By Neha Kirpal
It’s a curious case of two talented half sisters—who have the same father, and their mothers are real sisters. What makes the family so unique is the fact that each member is one of the country’s leading Kuchipudi dancers.
The elder of the two, Yamini Reddy was born to noted Kuchipudi exponents and Padma Shri and Padma Bhushan award winners Raja Reddy and Radha Reddy. Trained by her parents, she gave her first performance at the age of three.
After completing her schooling and college from New Delhi, Yamini did her MBA and then concentrated on dance. Her dance has been acknowledged through a string of awards and she has had a number of world tours. She has been presented with the golden key to the cities of Dublin and Fort Lauderdale.
Yamini’s half-sibling Bhavana Reddy is the younger daughter and disciple of Raja Reddy and his second wife Kaushalya Reddy. She began performing with her parents at the age of five for prestigious festivals, events for esteemed officials, ministers and diplomats around the world as well as international tours. Bhavana too is a recipient of several national and international awards and is a graded Doordarshan artist.
Growing up around their award-winning Kuchipudi dancer parents, the sisters’ earliest influences have been mostly about dance. “A lot of my dance training has happened informally, through experience rather than formal training. I used to watch my parents dance when I would leave for school and they would be rehearsing even when I came back,” remembers Yamini.
Needless to say, their parents’ dedication and hard work rubbed off on the sisters who learnt the value of regular practice and sincerity from them. “A very important lesson I learnt as an eight-year-old before a show in the US is that despite a high fever, the show must go on,” recalls Bhavana. “I can never forget Daddy’s Shiva dance from the wings, Radha mom’s Tarangam and Kaushalya mom’s Ashtapadi Kuruyadunandana. They all left quite an impression on me,” she adds.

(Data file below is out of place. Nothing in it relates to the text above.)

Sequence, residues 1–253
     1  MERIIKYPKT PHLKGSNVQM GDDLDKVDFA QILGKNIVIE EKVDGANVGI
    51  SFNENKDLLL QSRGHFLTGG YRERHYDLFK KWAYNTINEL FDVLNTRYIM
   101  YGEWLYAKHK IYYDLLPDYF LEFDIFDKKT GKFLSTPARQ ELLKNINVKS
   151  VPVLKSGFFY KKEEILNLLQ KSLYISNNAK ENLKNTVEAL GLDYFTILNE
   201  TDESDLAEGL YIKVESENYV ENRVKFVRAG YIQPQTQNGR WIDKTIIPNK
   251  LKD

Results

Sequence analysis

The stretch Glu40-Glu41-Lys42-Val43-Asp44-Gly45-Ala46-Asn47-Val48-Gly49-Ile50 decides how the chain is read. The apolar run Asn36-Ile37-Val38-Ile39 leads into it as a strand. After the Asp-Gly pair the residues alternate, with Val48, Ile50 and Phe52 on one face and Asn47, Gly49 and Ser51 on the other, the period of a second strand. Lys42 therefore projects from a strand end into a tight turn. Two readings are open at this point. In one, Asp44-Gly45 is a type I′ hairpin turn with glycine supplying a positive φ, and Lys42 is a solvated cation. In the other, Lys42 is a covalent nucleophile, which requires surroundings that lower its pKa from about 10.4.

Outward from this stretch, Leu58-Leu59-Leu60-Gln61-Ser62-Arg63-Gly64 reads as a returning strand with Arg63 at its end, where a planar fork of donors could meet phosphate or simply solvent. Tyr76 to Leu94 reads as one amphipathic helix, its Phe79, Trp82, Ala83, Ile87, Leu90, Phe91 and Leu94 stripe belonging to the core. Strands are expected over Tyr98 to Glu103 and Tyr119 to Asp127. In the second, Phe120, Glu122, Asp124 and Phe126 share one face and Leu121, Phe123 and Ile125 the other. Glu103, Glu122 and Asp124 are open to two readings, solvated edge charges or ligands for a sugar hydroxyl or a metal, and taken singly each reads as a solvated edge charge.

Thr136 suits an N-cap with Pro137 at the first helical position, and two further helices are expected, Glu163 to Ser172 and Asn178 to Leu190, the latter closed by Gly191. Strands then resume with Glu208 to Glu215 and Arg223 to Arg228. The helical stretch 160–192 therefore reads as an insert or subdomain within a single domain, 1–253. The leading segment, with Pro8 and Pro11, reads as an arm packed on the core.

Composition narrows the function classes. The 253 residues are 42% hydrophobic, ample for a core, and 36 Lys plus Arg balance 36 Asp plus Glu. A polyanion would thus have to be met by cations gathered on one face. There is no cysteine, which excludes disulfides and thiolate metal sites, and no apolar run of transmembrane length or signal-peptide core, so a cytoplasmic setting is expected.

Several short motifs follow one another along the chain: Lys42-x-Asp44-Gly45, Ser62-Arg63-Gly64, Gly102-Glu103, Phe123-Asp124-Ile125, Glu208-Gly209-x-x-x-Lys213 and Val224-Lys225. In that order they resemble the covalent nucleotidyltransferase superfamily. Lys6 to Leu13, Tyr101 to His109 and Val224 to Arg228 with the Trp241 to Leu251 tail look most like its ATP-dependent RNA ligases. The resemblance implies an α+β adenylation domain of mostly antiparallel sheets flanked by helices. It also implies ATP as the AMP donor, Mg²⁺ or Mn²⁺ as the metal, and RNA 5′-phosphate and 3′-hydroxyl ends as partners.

Since their maiden duet performance in Adviteeyam in 2016, the two sisters perform together frequently. They share a very good understanding of each other’s dance and have excellent chemistry on stage, which the audience enjoys immensely. “Since Bhavana and I have grown up together and learnt dance together, both of us have a sound understanding of technique and abhinaya and are firmly rooted in my parents’ style of Kuchipudi. Both of us bring our own style to dancing, which elevates the visual experience of our duet performances,” says Yamini.
It’s a unique experience, adds Bhavana, now that the sisters have both come in to their own. “It’s wonderful to be able to evolve in our relationship and partnership as dancers,” she says.
In 2007, Yamini went on to open the Hyderabad branch of her parents’ Natya Tarangini Dance School, where she now teaches Kuchipudi too over 100 students. She conducts workshops to expose students to subjects surrounding Kuchipudi, such as lights designing, yoga and dance music.
She has also started a ‘support an artist’ initiative to finance artists who need monetary assistance, especially in their old age. Further, she is a choreographer.
In 2007, she partnered a production Harmony along with dancer Leah Curtis from New York. In 2017, she produced An Evening of Storytelling that showcased the storytelling aspect of Kuchipudi. In 2018, she worked with her father on a production Surya, which juxtaposed traditional and modern theories around the formation of the sun and the planetary system.
Interestingly, her sister Bhavana has also mastered and is trained in Western contemporary music. “It exposed me to a whole new world that is uncharted in the Indian music scene – relating to voice and body anatomy, how to nurture it, composition and how to work with a musical group,” she explains.
An accomplished singer, Bhavana’s first solo EP is called Tangled in Emotions. She has performed at the Grammy after-party in 2013 and sung a song in the grunge rock style for the Hollywood film Joy Ride 3.
Working with Emmy and Grammy award-winning recording engineers and producers was an unparalleled experience for Bhavana. “My experience gave me clarity in practice and procedure,” she says. Currently, she is busy studying the body of work of her father and his guru, Vedantam Prahlada Sarma.
First published in eShe’s August 2019 issue
Syndicated to CNBCTV18
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